Bo Falk with oxen and Amish equipment

Back to the Future

Ten teams of rather small oxen from 1914 driving timber loaded wagons.

by Bo Falk

Happy he who far from business, like the primitive are of mortals, cultivates with his own oxen the fields of his fathers, free from all anxieties of gain.  
–Horace

‪In Sweden, cows and oxen are part of our whole culture’s foundation. The first letter of our alphabet, A, is an upturned symbol of a yoked oxen’s head. In contrast to the limited number of draft horses in Sweden, we have close to 1.6 million cattle. ‪Most are dairy breeds, but we have meat breeds that were once also developed as draft animals. ‪The use of oxen as draft animals was originally necessary when the cows were too small and friskier; only those who could not afford the oxen had to make do with cows or with hand tillage without draft help. ‪With only 300 million draft animals in the world, hand tillage is extensive. ‪Agriculture on several continents is mostly unmechanized.

‪Two recent changes have caused expansion of mechanization to slow, even in our country. ‪Right now, the greatest credit bubble ever is bursting, which affects investments, jobs and paying ability. ‪We and the world should focus our attention on the idea that economic growth is a passing stage.

The author Gunnar Lindstedt  has said that we must have a million farmers in Sweden in ten years, which would be a little more than 1 out of 9 of our population. He argues that waning oil extraction necessitates less mechanization and more farmers. ‪In addition, the decline of world exports of fossil fuels is even faster than the decline of extraction. ‪Already now the world exports less than a third of all extracted fossil fuels (Energy Export Databrowser).  Also, in this system, our net energy is getting too low so that it becomes difficult to keep our complex society running. ‪In addition, the ability to borrow money for further energy production and the necessary maintenance of necessary infrastructure in the fossil fuel system is largely disappearing. ‪This transition may be almost complete in a few years and make it necessary to mobilize what we can in renewable resources.

Oxen move at about 10 km in two hours during fully occupied driving (time passes fast). These are Jersey oxen; the one on the right side is 170 cm high and weighs about 1100 kg! The young cow attached to the right side of the cart now weighs about 1000 kg!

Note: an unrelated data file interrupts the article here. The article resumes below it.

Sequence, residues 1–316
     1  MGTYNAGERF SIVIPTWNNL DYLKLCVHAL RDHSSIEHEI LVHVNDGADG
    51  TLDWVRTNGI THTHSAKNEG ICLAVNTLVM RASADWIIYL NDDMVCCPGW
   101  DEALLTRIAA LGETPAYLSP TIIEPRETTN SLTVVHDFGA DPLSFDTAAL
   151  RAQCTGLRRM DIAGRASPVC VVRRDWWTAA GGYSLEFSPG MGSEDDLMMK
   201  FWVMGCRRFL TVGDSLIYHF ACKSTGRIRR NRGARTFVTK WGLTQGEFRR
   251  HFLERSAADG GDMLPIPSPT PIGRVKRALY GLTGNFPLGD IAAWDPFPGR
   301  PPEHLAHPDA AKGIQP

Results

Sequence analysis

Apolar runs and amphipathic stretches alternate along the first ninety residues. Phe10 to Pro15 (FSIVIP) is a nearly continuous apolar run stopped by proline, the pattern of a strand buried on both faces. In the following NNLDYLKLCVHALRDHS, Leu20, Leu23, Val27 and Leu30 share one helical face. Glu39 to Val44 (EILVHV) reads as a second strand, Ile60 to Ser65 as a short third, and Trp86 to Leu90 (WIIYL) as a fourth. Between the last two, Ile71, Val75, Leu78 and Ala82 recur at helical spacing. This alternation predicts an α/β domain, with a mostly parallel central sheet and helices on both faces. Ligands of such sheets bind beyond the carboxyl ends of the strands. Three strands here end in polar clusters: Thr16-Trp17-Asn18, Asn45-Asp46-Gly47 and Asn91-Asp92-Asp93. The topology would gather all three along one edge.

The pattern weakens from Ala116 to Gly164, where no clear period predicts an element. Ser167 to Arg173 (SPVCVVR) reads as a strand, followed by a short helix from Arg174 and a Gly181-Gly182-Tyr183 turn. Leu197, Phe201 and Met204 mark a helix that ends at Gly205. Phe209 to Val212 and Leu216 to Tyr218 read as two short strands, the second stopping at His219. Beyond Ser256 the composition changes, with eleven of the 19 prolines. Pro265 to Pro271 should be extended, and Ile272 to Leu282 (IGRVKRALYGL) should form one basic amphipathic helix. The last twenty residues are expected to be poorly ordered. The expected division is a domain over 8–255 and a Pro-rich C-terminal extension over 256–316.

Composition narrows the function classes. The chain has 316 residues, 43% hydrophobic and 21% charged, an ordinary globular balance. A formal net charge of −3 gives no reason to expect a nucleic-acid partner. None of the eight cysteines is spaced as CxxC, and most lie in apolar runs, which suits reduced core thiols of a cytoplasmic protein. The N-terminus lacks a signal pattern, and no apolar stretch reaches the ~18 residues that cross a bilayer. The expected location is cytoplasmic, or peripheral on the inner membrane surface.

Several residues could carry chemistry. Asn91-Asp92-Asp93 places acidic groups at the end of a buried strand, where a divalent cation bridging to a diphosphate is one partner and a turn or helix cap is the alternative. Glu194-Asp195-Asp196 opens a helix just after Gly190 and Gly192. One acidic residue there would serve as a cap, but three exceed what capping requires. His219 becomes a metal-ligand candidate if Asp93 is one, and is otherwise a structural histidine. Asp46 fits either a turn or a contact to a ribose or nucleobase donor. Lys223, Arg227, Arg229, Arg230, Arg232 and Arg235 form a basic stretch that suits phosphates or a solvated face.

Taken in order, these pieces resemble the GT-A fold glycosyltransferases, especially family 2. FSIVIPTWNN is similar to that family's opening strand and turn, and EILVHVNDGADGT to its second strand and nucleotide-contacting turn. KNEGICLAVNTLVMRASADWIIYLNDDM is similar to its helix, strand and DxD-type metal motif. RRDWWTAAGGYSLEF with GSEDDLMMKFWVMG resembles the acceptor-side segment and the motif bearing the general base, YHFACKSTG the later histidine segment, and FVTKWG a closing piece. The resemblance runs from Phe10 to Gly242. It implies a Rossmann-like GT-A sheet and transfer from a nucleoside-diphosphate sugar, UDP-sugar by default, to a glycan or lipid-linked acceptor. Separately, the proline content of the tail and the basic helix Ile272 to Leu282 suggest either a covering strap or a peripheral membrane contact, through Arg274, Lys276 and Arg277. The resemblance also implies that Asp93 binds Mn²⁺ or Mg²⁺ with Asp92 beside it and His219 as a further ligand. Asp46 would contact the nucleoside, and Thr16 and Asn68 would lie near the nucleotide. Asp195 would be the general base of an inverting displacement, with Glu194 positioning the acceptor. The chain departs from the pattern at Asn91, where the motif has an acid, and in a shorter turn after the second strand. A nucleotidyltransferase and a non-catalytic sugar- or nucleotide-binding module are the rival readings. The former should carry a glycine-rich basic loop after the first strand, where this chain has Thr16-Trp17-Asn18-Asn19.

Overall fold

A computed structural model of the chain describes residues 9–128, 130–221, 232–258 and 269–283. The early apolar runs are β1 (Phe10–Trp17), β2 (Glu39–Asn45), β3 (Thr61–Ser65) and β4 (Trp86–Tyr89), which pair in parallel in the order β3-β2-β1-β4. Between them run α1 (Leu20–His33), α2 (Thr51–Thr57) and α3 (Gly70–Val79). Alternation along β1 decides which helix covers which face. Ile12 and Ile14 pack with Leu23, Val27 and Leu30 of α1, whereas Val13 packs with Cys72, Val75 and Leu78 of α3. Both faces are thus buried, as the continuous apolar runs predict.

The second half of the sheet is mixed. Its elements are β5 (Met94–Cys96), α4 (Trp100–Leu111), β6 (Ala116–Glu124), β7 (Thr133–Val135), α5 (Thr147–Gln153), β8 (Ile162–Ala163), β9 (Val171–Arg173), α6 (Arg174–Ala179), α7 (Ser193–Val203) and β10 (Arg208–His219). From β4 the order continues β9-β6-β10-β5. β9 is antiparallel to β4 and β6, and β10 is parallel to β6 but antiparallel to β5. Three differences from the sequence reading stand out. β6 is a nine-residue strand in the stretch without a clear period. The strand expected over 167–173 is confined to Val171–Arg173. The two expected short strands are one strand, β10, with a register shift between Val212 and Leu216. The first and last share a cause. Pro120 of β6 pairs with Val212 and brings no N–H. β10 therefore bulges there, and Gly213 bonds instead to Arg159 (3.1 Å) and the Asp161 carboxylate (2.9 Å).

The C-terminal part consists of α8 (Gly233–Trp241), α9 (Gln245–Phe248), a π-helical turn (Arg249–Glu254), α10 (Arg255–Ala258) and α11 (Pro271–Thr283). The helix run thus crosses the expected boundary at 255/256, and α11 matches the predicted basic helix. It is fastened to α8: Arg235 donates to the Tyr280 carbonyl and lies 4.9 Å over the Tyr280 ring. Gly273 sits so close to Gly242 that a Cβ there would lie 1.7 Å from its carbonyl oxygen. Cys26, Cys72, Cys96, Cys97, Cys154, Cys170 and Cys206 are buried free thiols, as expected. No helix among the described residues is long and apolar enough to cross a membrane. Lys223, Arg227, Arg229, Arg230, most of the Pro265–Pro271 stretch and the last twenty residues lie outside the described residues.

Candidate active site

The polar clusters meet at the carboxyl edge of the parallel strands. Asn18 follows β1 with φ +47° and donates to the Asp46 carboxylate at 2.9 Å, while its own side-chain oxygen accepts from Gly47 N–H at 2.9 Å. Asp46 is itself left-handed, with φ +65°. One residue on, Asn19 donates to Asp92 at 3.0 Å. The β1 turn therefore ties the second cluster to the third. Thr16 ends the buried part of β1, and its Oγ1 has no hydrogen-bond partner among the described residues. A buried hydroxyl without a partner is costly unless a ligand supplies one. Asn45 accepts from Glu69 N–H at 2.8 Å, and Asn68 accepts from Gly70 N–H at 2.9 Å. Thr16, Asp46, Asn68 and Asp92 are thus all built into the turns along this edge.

Over the past century, the cattle and oxen of the western world have become larger. ‪A hundred years ago an ox was considered to be big enough for ploughing if it weighed about 600 kg. ‪Now, the standard weight of an ox is easily double that. ‪My biggest cow, a Hereford, weighs  about 1000 kg. ‪I recently heard of a Holstein cow that weighed 1190 kg. before slaughtering. ‪Thus, it is possible to get better efficiency by using our larger cows as draft animals rather than historically-sized oxen, and still get an acceptable tensile strength for ploughing.

Dairy Breeds and Herefords have a quiet temperament. ‪Their large udders, however, can be injured in work. ‪Using the cows during their dry period for ploughing work is advantageous. ‪ It trains the animals, reduces their fat cover and make them easier to breed. ‪Combining dairy breeds with Herefords would yield smaller udders, and the most basic taming and training to drive could be done in one day. The book Oxen: A Teamster’s Guide (Drew Conroy, 1999) is a rather good handbook on the topic of training. But I use the scandinavian traditional way of steering each animal by an ear with the reins attached to the horns.

For me the point in using strong cows instead of oxen is that they can be multipurpose and thus outcompete the oxen in terms of efficiency. They are strong, can provide meat and also provide milk and calves, which oxen cannot do. Therefore they are cheaper to keep. Then we can replace the oxen in Horace’s poem above with cows.

Test of the same oxen in hay raking with Amish equipment.

Bo Falk
‪Agricultural Ecologist & Laboratory
‪Hovmantorp, Sweden

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Hovmantorp, Sweden @ 56.8 degrees latitude
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  • http://prosperouswaydown.com/ Mary Logan

    Bo, you live at ~57 degrees latitude; I live at 61 North. I know it is very challenging to keep large animals at these latitudes during long winters. I found this discussion linked below by Kander and Warde (2009) discussing energy consumption in draft animals in Europe. It appears that the type of animal used was selected for based on latitude, wealth of owners, etc., with evolution over time as society to larger sizes for all of the animals? Table B3 at the end of the paper shows a significant increase in size of the animals, almost doubling over the course of a century? An emergy analysis would be interesting here?

    http://www.histecon.magd.cam.ac.uk/history-sust/files/warde_kander_working_paper_animals-mar09.pdf

    Uganda Cattle System Diagram

  • http://www.tabel.tcu.edu.tw/ TomAbel

    Bo, your post reminded me of my longtime favorite band and a song, an ode to the ‘heavy horses’ by Ian Anderson and Jethro Tull. Not ox power of course, but something quite similar. As Anderson writes,

    And one day when the oil barons have all dripped dry
    and the nights are seen to draw colder
    they’ll beg for your strength, your gentle power
    your noble grace and your bearing.
    And you’ll strain once again to the sound of the gulls
    in the wake of the deep plough, sharing.